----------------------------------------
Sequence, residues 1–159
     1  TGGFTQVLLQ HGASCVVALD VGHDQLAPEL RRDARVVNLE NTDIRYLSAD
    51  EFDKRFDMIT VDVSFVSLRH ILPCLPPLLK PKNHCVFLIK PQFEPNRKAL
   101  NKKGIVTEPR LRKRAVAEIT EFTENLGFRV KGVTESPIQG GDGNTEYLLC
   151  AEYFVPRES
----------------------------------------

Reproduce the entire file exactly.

Sequence, residues 1–159
     1  TGGFTQVLLQ HGASCVVALD VGHDQLAPEL RRDARVVNLE NTDIRYLSAD
    51  EFDKRFDMIT VDVSFVSLRH ILPCLPPLLK PKNHCVFLIK PQFEPNRKAL
   101  NKKGIVTEPR LRKRAVAEIT EFTENLGFRV KGVTESPIQG GDGNTEYLLC
   151  AEYFVPRES